June 10, 2013
Boston’s Vital Streets Extend Into the Water
Competition during Common Boston week addresses neglected urban connections
A city’s waterways hold the key to its reason for being. Study Boston’s relationship to its harbor, its rivers, its inlets, and you will find the story of its character. It’s all there: the stories of its military history, its economic and industrial development, its urban values, and the forces that create its neighborhoods and shape its streets.
Because of this, the organizers of Common Boston chose to pay homage to the city’s waterways. For our Common Build design competition—an integral component of Common Boston week—we selected the Fort Point Channel.
If you make a fist with your right hand, it makes the shape of Downtown Boston. Boston Harbor surrounds the knuckles, the Charles River winds around the thumb and back towards the elbow, and Fort Point Channel runs from the pinky knuckle back to mid-wrist.
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The Charles River is long, leisurely, and manicured while Fort Point Channel is a stubby workhorse. It was an important channel for industrial activities in the 19th and early 20th centuries and connects the harbor with the underbelly of the city. It passes the backside of the main post office, the guts of the train station, the ventilation ducts of underground traffic tunnels. It’s not as pretty as the Charles but has a character that’s equally interesting. Currently, it’s taking its place as a vital part of the Fort Point neighborhood.
This year’s competition proposed challenged participants to construct a temporary installation that speaks to the re-envisioning, re-utilization, and re-vitalization of Fort Point Channel. Do it in 72 hours and on a budget of $200 or less. There was also another requirement: the installations must be anchored in the middle of the Channel itself. They must float, and, stay put.
This last parameter, that installations must float, provided ample reminder that design is a reflection of its opportunities and constraints. Wind, for example, poses challenge enough when installations are to be set up on firm ground. Add wind to water, however, and you have a roiling and capricious backdrop at best. The day of the competition was hot and incredibly windy. Some of the installations didn’t work as planned. Others wouldn’t stay in place but all spoke, poignantly, to the challenges of design, be it for temporary installations or for streets.
One team chose “Movement Sound Change” as its theme and addressed how elements that seem uniform and alike from a distance are, up close, distinct and unique. They explored how unexpected sound and movement draw in passers-by. Buoyed pillars were designed to respond to the changing tides, revealing or hiding themselves accordingly.
Rebecca McWilliams presents her team’s project while team mates battle wind and choppy waters to install it.
Another team spoke to the highly visible as well as the hidden character of streets. They designed a shape that blooms, representing a street’s tendency to showcase the attractive and presentable while minimizing exposure to the undesirable. Their installation spoke to all that is revealed and concealed on a street.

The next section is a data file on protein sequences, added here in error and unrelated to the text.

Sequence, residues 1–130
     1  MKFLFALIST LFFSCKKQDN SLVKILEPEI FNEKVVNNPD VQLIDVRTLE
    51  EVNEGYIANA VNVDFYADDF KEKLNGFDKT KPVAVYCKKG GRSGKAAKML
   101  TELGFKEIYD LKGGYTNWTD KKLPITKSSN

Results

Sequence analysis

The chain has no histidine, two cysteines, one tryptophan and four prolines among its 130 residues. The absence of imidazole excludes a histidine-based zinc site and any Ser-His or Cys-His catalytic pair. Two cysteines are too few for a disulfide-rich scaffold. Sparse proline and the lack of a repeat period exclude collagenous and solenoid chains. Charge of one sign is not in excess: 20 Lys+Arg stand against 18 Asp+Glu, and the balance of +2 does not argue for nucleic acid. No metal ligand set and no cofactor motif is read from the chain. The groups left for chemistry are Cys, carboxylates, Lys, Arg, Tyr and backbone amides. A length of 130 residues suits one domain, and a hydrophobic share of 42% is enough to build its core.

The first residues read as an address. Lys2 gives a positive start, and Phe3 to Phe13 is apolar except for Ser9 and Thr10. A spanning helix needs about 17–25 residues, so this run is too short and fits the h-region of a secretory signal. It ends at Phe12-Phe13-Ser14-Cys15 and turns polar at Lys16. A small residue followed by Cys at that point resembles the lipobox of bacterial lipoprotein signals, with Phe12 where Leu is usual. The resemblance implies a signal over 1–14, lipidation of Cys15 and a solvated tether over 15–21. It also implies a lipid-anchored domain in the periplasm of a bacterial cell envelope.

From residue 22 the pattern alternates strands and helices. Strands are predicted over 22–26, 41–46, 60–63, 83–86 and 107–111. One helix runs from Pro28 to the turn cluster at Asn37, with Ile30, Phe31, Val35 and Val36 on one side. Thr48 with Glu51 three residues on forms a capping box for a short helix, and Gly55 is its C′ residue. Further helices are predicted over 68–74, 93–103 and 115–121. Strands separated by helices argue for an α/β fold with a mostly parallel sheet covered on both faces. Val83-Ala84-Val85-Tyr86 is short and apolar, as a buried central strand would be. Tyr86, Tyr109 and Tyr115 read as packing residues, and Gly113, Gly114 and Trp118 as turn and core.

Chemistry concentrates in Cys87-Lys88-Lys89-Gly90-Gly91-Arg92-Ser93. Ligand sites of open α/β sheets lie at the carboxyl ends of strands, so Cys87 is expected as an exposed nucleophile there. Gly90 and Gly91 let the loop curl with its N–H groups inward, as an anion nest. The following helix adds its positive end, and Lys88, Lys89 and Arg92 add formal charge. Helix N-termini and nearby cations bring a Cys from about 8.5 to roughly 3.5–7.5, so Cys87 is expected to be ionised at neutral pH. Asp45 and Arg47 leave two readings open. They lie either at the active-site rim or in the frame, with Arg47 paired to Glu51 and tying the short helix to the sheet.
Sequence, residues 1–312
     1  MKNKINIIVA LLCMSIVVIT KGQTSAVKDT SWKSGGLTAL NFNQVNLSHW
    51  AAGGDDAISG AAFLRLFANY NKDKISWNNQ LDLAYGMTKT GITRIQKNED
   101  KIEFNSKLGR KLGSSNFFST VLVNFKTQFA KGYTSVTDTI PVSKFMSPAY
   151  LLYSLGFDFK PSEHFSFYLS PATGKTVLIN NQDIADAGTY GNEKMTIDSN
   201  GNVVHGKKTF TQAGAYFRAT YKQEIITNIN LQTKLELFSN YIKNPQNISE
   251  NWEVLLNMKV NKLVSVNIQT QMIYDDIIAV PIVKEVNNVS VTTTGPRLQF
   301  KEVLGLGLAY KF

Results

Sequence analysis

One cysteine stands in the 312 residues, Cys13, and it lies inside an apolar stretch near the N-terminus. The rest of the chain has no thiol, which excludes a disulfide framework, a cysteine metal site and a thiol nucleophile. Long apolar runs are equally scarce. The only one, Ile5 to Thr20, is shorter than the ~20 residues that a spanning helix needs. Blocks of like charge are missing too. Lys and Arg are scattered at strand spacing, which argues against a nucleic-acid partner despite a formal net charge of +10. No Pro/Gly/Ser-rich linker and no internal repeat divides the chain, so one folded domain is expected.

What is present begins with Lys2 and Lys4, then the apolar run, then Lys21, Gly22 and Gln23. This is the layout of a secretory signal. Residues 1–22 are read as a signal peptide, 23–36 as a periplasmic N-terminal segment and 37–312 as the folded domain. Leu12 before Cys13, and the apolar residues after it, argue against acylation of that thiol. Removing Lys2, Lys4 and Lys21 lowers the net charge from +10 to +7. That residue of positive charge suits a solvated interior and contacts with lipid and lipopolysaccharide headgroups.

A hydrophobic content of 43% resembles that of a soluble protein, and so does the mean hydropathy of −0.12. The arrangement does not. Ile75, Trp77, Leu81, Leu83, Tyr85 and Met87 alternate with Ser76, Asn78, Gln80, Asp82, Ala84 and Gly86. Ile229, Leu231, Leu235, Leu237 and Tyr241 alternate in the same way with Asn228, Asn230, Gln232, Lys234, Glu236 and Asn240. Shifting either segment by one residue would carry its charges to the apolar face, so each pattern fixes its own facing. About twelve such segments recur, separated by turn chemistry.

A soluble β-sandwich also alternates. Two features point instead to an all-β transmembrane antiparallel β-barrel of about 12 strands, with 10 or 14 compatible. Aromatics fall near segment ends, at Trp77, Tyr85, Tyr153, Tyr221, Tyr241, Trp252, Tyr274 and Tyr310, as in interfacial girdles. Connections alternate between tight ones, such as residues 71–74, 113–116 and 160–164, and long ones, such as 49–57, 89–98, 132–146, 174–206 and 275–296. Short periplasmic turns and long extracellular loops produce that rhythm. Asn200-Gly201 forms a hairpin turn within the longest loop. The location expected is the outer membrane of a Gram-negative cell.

Competition entry exploring how a street reveals and conceals its parts
A third team compared “The Vital Street” (our theme for this year’s festival) to a strand of DNA, and explored how all characteristics of a street are woven together to give a street its energy and identity. Bicycle rims were used as frames to support a helical structure. The whole installation was designed to rotate so all sides could be seen.
Competition entry comparing The Vital Street to a strand of DNA
A common thread ran through all presentations: there are parts of the street we like to display, and other parts we would like to keep hidden. This is particularly appropriate in regard to Fort Point Channel. It is a stretch of water with an unmistakable industrial character, so much grittier than the picturesque Charles River Basin. I used to think that this waterway, along with the streets that spread out from it, needed to be hidden.
For many of us, the “vital street” has become synonymous with a “pretty street.” Streets lined with parks and manicured boulevards are, of course, deserving of our appreciation. But for many years, I believed that “cleaning up a street” meant ripping out all the industrial remnants of times past, or of hiding them behind artfully constructed screens of shrubs, or of renovating them into trendy condos. The participants of this year’s Common Build show us that all parts of a street are integral to its character. There are many vital elements of street life that aren’t the stuff of postcards.
There is something exciting and vital about being up close to a city’s infrastructure, as one is at Fort Point Channel; to observe the massive volume required to house the main post office, or the intricate web of wiring required to make our train system work. I am amazed at the size of the ducts necessary to vent underground roads and subway tunnels. Being near these things is to take the pulse of a city and to be reminded of its power. These are vital streets to be sure.
As designers we discuss the topic of delight, and how it isn’t synonymous with beauty. There is room on the vital street for elements that aren’t beautiful because there is delight in finely tuned, functional elements that rattle and hum and keep a city moving.
Linda Mullen is a volunteer for Common Boston. She is owner of Linda Mullen Design & Rendering and lives in Salem, Massachusetts.